The Philippines and the United States on Friday agreed to “redouble” bilateral coordination following the recent collisions incident involving Philippine and Chinese vessels in the West Philippine Sea.
In a joint statement, Philippine Defense chief Gilberto Teodoro Jr. and his United States counterpart Lloyd J. Austin III said they discussed in a phone call China’s “dangerous and unlawful maneuvers” that led to the October 22 collisions.
“The Secretaries reaffirmed that the Mutual Defense Treaty extends to both countries’ public vessels, aircraft, and armed forces—to include the Coast Guard—anywhere in the Pacific to include the South China Sea,” the readout of their discussion said
“Both Secretaries committed to redouble efforts to strengthen bilateral coordination, interoperability, and support for the modernization of the Armed Forces of the Philippines,” they added.
Teodoro and Austin also committed to increase the pace and scope of US-Philippines engagements as they lauded their recent military cooperation including the joint sail off Palawan in September.
The two Defense chiefs are looking forward to meeting in person in Jakarta on the margins of the upcoming ASEAN Defense Ministers’ Meeting (ADMM)-Plus, the readout said.
Teodoro and Austin’s phone conversation comes a day after American President Joe Biden declared that the US defense commitment to the Philippines is “ironclad.”
“Any attack on Filipino aircraft, vessels or armed forces will invoke our mutual defense treaty with the Philippines… The United States defense commitment to the Philippines is ironclad,” Biden said on Thursday.
Chinese foreign ministry spokesperson Mao Ning, meanwhile, responded by saying that the US does not have the right to get involved in problems between China and the Philippines.
“The US is not party to the South China Sea issue, it has no right to get involved in a problem between China and the Philippines,” the Chinese official said in a press briefing when asked about the US saying it will defend the Philippines.
A China Coast Guard vessel on Sunday collided with an Armed Forces of the Philippines-contracted boat going to the Ayungin Shoal to resupply the personnel staying on the BRP Sierra Madre.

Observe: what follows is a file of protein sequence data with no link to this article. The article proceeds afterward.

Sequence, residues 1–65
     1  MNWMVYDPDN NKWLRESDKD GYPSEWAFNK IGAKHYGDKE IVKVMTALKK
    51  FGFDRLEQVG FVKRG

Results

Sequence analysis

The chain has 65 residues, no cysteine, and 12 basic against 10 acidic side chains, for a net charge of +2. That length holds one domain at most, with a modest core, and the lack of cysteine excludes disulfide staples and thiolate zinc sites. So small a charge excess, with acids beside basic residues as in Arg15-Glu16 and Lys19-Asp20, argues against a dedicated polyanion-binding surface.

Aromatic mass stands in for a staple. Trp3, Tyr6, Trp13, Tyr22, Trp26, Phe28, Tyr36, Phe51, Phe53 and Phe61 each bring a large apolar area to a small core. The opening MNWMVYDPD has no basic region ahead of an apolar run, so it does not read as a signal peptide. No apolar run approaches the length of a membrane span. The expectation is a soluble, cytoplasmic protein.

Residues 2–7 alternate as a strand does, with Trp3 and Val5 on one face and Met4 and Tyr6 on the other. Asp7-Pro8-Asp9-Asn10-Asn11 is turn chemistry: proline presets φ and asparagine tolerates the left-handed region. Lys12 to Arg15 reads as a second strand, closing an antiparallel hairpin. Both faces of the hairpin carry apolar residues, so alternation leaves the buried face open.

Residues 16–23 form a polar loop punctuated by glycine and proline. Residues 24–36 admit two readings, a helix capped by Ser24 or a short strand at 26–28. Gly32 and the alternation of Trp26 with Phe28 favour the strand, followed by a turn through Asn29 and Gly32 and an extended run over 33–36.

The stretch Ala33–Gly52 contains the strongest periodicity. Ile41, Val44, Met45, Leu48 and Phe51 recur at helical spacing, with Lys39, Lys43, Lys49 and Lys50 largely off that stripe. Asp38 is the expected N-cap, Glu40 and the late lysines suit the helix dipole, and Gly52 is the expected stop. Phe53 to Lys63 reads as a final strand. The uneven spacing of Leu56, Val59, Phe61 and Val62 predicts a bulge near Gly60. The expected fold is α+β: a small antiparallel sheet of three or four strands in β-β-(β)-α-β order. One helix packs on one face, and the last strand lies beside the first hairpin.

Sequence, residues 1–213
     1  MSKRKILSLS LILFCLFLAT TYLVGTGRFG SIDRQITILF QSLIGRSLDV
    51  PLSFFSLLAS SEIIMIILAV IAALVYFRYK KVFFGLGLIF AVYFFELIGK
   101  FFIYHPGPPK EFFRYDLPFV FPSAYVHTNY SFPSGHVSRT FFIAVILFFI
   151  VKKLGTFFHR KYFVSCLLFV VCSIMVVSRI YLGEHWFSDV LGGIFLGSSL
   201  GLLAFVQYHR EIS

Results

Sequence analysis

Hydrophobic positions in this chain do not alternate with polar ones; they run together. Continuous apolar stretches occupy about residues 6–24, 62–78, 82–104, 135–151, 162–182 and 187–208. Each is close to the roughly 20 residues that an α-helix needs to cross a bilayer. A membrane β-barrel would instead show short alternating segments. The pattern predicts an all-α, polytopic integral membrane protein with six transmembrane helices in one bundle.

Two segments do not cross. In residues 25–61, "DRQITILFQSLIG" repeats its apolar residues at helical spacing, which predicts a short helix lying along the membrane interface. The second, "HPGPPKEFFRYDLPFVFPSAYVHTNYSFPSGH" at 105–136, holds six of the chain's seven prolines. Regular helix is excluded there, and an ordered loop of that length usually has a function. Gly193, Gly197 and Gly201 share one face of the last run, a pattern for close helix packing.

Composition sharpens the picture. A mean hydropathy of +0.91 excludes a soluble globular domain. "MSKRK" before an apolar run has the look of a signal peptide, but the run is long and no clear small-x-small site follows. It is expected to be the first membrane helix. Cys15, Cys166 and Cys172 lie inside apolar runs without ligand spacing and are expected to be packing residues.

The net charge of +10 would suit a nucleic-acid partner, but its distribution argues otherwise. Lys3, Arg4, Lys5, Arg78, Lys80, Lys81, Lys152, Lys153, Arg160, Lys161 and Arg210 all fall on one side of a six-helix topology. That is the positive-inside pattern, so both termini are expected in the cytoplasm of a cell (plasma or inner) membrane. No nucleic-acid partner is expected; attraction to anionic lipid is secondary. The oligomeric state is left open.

During the same mission, the Philippine Coast Guard (PCG) vessel MRRV 4409’s port side was also “bumped” by Chinese maritime militia vessel 00003 (CMMV 00003).
Ayungin Shoal is located 105.77 nautical miles from the nearest Philippine province of Palawan and constitutes part of the country’s 200-nautical mile exclusive economic zone (EEZ) and continental shelf as provided under a United Nations convention.
The Department of Foreign Affairs summoned Chinese Ambassador to the Philippines Huang Xilian over the incident.
In response, Chinese Embassy Deputy Chief of Mission Zhou Zhiyong said he conveyed “strong dissatisfaction and firm opposition of the Chinese side to the Philippine side over its vessels’ intrusion over its so-called waters.”
Zhou maintained that Ayungin Shoal, which he referred to as Ren’ai Jiao, “is part of China’s Nansha Qundao and China’s territory.”
The PCG is set to write to China and urge Beijing to conduct its own probe on the collision.
“Kasi aksidente ito, iyong fishing vessel ay under sa flag state nila, dapat ma-imbestigahan din nila. Kasi it is incumbent upon them also to conduct their own investigation, katulad po noong ginagawa natin,” said PCG spokesperson Rear Admiral Armand Balilo.
(Because it was an accident that involved a vessel under their flag state. They should conduct their own investigation like what we are doing.)
The PCG, meanwhile, is expected to release complete and submit its report on the incident to the PCG Headquarters today. —Joviland Rita/ VAL, GMA Integrated News